Norwegian (DY, Oslo Gardermoen) has confirmed that its debt restructuring is complete and that a credit guarantee from Norway’s government of NOK3 billion kroner (USD302 million) has been approved.

It has now converted NOK12.7 billion (USD1.28 billion) of debt to equity. It has “laid a solid foundation for the future, although the next months will remain challenging,” the company said in a statement on May 20.

“Now that we can access the state loan guarantee, we can continue to transform the company. Through this process, the belief in New Norwegian and the company’s strategy have been confirmed by shareholders, the market, bondholders, leasing companies, and other creditors and lenders. Nevertheless, [...] Norwegian will still need to collaborate closely with a number of creditors as the company currently has limited revenues,” said CEO Jacob Schram.

The Norwegian government confirmed that the rescue loans deal had been completed, according to the news agency NTB.

In early May, bondholders, lessors, and shareholders agreed to the debt conversion and share sale, a key condition to receiving the state aid.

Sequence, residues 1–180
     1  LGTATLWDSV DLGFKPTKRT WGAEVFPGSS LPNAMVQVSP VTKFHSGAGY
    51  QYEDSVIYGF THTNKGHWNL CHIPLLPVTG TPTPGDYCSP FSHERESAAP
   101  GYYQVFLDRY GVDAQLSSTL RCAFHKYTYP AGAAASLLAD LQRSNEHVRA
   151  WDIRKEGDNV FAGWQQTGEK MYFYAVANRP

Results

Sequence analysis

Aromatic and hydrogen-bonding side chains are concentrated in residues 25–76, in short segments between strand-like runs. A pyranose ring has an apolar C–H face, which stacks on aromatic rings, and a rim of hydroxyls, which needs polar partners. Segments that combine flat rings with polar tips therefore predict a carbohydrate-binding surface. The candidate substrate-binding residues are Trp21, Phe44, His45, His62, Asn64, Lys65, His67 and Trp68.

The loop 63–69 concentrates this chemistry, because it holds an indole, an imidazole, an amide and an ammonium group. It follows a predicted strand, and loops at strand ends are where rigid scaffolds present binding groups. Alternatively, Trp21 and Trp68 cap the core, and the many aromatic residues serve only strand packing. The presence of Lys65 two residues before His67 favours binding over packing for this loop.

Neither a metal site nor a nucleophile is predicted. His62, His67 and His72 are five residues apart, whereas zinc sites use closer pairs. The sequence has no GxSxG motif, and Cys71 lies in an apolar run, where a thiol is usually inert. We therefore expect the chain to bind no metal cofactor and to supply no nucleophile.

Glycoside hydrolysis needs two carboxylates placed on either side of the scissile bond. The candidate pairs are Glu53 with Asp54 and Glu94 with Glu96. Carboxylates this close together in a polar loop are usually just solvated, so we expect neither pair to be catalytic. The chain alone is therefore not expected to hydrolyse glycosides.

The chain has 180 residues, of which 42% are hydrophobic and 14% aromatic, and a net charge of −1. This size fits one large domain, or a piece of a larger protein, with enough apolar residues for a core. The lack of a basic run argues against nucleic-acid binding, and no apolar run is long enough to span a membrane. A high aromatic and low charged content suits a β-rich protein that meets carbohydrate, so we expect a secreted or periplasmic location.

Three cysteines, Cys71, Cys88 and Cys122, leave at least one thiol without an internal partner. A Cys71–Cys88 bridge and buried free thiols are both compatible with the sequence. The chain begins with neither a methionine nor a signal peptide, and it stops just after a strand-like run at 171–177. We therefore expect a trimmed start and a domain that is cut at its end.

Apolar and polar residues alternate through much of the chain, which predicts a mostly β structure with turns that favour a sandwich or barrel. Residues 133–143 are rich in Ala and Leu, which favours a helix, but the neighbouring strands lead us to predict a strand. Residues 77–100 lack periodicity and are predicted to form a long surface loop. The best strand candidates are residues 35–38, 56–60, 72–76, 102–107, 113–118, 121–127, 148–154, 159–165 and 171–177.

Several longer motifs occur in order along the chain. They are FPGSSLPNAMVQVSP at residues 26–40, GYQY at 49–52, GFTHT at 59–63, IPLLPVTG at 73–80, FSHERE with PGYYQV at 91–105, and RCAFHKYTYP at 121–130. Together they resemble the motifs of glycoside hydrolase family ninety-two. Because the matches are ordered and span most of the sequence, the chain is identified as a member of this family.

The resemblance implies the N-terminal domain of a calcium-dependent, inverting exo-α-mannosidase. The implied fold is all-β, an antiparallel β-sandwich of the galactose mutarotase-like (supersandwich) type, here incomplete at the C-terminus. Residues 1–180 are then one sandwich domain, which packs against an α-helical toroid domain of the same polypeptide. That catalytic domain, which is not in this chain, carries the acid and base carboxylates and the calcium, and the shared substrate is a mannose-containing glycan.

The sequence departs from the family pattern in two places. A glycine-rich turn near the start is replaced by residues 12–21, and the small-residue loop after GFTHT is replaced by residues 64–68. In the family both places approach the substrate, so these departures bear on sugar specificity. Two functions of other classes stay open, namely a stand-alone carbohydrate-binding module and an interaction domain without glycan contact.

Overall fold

The deal means that lessors have collectively taken a majority of Norwegian’s capital after converting lease obligations into shares, with AerCap now holding a 15.9% stake and BOC Aviation, which is controlled by state-owned Bank of China, holding 12.67%, Reuters reported. Smaller firms, such as Avolon and DP Aircraft took lesser stakes.

“Lessors went with the least unpalatable option,” a source close to one of the companies told Reuters, explaining that the alternative, Norwegian’s bankruptcy, would have thrown a glut of used aircraft into the market.

The “new” Norwegian will operate seven aircraft for the coming year before eventually reaching 110 to 120 in 2022. That compares with 148 (79 leased and 69 owned) before the crisis.